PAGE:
Vanquish is one of those games that blended in next to its contemporaries, creating a passionate group of players that discovered it as a hidden gem of the era. At a glance, this power fantasy starring a rather plain armored super-soldier seems to be a typical third-person shooter with various guns and cover mechanics. What lies beneath is a complex web of systems that all aim to let players express themselves, chase high scores and fast completion times, and ultimately look cool. Yet, that interesting complexity is wrapped in what appears to be a mockery of the genre but it is inherently living in the same tired structure and themes.
I was aware that Vanquish had awesome mechanical designs back in the day and even now I think the protagonist, Sam Gideon, has a rocket punch that would make a top ten list. Cool robotics aside, I avoided Vanquish upon initial release because of the reviews of the time lamenting about how short the game was. My final in-game time was well under four hours, making my recent playthrough a short tour of what I missed out on but this time taking better advantage of modern hardware. I did have some performance issues on the Xbox One S but pretty much everything I play on that console seems to bug out. Cutscenes, in particular, looked pretty choppy but I was still able to play through the campaign once without much trouble. Even though I’m aware of the incredible depth Shinji Mikami and the team at Platinum Games achieved, I’m not convinced that Vanquish is an all-time classic that everyone should play. While I enjoyed messing around with the fast gunplay, I found Vanquish to be more of a fun experiment that deserves to be explored further in future work.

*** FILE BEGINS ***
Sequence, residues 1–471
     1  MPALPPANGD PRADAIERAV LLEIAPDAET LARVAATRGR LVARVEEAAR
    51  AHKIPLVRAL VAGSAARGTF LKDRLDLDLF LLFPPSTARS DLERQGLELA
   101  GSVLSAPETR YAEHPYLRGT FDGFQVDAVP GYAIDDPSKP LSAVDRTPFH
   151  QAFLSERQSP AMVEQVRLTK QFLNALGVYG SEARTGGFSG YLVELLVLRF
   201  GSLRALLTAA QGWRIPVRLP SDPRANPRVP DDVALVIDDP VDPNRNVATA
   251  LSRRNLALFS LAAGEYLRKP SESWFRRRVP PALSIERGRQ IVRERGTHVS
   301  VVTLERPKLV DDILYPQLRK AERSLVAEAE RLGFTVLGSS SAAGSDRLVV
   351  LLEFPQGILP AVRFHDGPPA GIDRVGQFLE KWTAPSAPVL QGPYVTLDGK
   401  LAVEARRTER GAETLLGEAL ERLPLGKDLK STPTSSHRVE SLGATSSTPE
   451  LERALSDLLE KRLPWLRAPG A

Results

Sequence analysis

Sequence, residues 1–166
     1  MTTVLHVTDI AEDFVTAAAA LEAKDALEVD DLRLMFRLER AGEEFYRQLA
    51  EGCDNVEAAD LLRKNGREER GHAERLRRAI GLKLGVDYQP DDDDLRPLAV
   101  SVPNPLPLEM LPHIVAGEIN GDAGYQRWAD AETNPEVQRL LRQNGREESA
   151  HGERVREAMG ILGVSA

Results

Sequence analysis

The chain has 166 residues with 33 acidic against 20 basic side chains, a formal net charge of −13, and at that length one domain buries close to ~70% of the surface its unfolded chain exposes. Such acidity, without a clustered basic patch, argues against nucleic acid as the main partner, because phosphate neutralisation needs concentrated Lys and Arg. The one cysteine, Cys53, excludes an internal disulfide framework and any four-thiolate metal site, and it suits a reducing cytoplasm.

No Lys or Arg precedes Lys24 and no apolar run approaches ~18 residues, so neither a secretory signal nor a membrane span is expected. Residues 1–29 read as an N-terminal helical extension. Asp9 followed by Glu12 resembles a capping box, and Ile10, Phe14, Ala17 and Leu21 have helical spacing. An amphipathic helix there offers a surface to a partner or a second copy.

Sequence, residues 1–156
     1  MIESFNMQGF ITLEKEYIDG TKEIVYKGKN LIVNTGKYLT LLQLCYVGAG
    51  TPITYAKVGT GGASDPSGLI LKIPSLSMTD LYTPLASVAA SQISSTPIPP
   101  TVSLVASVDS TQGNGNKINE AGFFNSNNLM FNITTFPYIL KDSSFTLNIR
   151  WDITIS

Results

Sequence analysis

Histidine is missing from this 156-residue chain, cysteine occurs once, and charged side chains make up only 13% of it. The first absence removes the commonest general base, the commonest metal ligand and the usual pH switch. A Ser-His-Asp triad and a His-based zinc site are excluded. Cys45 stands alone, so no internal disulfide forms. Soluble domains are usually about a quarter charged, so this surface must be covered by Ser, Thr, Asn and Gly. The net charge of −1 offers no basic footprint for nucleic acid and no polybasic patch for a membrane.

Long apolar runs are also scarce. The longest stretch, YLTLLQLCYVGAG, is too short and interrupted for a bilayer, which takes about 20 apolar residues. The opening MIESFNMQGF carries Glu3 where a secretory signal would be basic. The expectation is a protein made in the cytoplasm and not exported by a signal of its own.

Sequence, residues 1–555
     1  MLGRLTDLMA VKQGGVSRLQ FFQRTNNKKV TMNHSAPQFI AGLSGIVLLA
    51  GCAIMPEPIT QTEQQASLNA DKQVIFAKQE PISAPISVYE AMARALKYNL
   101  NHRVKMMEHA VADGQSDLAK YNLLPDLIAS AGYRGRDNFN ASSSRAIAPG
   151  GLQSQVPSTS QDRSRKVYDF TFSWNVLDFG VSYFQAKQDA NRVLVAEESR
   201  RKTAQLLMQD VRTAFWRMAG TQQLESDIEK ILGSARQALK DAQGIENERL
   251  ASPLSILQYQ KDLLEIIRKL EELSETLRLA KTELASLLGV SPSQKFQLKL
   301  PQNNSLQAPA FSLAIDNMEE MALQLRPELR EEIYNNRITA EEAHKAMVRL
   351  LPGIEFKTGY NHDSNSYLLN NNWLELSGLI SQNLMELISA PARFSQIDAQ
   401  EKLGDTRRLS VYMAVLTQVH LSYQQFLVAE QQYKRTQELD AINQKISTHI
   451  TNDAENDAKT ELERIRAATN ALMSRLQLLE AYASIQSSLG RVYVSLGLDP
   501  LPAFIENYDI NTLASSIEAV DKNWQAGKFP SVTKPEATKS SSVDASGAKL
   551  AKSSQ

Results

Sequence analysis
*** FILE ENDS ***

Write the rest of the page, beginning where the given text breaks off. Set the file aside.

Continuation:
Platinum Games has a stellar library, even though they did have a few years of bad releases that were still fine playthroughs for the most part. Their licensed games such as Transformers Devastation and Teenage Mutant Ninja Turtles: Mutants in Manhattan both captured the visual flair of the source material well but failed to go further than that as games. The Legend of Korra was probably the lowest point of quality but even that remains relevant for trophy earners and achievement hunters. Recently, Platinum has been hitting it out of the park with the beautifully profound Nier: Automata and the stellar Switch release Astral Chain. Vanquish sticks out as a weird attempt to break a genre and it works in that regard but everything surrounding the mechanics is what failed to captivate me.
Vanquish stars Sam Gideon, a gruff soldier that smokes and cracks the most boring one-liners. He’s like a bad action flick hero that was the star of an undercooked third entry in a franchise that hasn’t had a theatrical release since the first film and even that was a spin-off of a much better movie.
Story-wise, Vanquish is the Scorpion King 3 of games.
The writing is awful, barebones and retreads the same ground constantly. It’s also a game that leaned heavily on using fuck a lot and it just doesn’t work. Gideon doesn’t have the personality that makes Platinum Games so fun to just experience, even on the lowest difficulty settings. The Augmented Reaction Suit is his defining feature, a robotic white armor that has all these intricate and constantly shifting parts. I spent most of the downtime in the game just switching weapons to see them artfully materialize around a single frame. It’s the type of modeling that looks incredible when slowed down.
Thankfully, slowing down time is a major key to victory in Vanquish and it feels awesome to use. Because Gideon’s system overheats, there’s this balance that one has to master. Zipping around foes, landing that perfect kick, and blasting a grenade in mid-air is all connected by a series of subtle mechanics. Really skilled players have mastered animation canceling and maximizing invincibility frames, all while charting the fastest route through each level. Adding to that baked-in sense of mastery, each level gets a score and a time and on the leaderboards, it’s easy to find one’s place and shoot for a higher spot.